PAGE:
Information Sensitivity Policy

Purpose

The Information Sensitivity Policy is intended to help employees determine what information is allowed to be disclosed to non-employees, as well as the relative sensitivity of information that should not be disclosed outside of George Fox University without proper authorization.

The information covered in these guidelines includes, but is not limited to, information that is either stored or shared via any means. This includes: electronic information, information on paper, and information shared orally or visually (such as telephone and video conferencing).

It should be noted that the sensitivity level definitions were created as guidelines and to emphasize common sense steps to protect George Fox University confidential information (e.g., George Fox University confidential information should not be left unattended in conference rooms).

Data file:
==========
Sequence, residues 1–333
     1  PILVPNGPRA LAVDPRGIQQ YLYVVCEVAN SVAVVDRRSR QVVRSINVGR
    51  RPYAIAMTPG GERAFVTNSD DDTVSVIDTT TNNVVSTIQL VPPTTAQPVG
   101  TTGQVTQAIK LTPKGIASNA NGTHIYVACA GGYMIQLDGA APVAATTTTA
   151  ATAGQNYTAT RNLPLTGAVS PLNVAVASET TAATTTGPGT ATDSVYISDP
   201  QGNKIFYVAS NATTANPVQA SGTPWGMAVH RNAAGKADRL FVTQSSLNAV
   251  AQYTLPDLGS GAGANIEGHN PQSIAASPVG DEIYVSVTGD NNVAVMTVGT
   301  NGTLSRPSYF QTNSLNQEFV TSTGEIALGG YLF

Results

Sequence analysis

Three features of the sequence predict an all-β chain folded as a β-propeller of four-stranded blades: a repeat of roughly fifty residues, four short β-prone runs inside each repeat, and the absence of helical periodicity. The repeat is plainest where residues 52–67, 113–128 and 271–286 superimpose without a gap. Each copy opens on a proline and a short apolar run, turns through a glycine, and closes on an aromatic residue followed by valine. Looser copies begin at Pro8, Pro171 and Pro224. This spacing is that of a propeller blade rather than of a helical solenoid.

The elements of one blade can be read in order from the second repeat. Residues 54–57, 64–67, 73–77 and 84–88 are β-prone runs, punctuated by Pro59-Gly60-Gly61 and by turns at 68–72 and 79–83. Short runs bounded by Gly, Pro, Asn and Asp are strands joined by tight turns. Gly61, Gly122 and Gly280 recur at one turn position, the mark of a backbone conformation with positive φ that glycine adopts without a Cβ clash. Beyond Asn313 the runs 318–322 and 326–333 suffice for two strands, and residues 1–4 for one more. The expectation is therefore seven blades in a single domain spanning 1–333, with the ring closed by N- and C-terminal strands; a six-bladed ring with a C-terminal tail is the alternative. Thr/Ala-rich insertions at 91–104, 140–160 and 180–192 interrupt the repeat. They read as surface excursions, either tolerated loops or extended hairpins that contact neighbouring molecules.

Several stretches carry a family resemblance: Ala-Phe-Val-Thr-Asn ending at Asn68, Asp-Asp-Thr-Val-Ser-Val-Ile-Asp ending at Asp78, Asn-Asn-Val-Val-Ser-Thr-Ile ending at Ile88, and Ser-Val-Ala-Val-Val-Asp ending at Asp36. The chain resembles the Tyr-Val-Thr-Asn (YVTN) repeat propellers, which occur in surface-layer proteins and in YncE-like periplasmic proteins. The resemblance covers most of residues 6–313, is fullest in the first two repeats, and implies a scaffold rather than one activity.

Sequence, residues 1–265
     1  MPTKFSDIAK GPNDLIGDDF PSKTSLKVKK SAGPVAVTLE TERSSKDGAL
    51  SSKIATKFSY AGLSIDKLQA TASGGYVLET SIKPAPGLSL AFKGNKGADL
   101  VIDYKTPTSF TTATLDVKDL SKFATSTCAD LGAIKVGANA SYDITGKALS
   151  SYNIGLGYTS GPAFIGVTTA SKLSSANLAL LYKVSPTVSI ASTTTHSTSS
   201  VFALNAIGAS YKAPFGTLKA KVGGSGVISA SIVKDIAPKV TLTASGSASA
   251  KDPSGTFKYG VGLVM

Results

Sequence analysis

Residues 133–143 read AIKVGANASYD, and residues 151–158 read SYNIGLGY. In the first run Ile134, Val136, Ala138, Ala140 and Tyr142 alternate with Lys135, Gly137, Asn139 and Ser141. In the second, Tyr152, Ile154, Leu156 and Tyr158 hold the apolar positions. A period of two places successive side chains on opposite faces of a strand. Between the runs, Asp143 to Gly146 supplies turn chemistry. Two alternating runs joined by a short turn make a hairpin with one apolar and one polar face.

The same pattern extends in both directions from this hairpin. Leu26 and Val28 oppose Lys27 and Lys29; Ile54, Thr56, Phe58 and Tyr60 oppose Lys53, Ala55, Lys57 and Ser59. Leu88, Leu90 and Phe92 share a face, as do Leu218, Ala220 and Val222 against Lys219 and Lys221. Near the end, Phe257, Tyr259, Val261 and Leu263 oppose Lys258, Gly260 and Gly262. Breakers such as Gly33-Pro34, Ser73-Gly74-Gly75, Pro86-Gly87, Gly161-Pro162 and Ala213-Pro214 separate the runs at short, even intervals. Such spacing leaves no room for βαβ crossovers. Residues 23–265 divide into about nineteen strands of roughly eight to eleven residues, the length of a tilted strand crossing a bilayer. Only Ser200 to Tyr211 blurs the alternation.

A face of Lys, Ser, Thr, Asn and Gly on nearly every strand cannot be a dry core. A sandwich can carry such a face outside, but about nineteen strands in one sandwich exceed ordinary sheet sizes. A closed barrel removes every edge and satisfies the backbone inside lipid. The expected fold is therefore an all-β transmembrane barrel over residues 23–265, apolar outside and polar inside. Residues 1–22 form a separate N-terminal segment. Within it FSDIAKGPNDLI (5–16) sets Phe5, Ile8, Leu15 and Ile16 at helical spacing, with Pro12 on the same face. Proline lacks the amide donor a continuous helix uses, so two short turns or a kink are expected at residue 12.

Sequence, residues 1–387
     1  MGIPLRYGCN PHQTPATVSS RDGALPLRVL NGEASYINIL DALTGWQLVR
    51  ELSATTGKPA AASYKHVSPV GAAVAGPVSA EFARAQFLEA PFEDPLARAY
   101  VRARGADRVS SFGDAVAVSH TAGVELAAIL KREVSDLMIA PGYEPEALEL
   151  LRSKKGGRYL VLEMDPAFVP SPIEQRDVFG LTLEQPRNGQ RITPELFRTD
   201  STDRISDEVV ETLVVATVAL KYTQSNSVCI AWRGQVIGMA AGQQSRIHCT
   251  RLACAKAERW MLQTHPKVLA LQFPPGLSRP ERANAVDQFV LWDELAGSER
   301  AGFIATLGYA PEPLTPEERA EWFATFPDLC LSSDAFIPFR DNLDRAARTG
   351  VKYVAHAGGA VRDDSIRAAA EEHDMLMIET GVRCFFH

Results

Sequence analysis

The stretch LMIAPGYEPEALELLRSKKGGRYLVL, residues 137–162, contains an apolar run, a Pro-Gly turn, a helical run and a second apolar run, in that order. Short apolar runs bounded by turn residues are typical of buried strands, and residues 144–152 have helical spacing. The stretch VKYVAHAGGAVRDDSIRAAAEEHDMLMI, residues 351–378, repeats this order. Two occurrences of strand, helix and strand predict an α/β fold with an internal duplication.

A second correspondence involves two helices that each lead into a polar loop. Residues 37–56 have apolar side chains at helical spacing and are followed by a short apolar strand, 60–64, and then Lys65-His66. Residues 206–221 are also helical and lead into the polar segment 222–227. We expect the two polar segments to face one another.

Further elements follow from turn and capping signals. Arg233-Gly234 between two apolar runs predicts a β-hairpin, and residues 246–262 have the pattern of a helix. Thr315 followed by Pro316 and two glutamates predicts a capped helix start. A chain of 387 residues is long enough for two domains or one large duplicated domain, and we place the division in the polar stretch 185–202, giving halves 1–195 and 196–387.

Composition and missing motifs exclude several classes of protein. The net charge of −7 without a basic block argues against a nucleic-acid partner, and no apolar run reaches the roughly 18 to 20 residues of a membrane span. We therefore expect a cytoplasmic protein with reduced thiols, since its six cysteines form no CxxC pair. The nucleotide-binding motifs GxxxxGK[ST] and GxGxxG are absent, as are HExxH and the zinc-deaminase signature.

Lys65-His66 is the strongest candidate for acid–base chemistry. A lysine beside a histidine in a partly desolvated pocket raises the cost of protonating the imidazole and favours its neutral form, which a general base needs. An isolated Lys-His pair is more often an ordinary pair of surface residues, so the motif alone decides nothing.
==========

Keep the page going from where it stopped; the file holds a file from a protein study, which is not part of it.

Scope

All George Fox University information is categorized into two main classifications:

  • Public or directory information
  • Protected or regulated confidential information

George Fox University public information has been declared as information accessible to the public by someone with the authority to do so and may be freely distributed without any possible liability to George Fox University or its community.

George Fox University confidential information contains all other information. It is a continuum, in that it is understood that some information is more sensitive than other information and should be protected in a more secure manner. Included is information that should be protected very closely, such as non-directory information protected by federal and state regulations (such as, but not limited to, FERPA, DMA, HIPAA, GLBA, TEACH act). If an employee is uncertain of the sensitivity of a particular piece of information or whether it is appropriate to provide it to an individual or organization, he or she should consult his or her supervisor.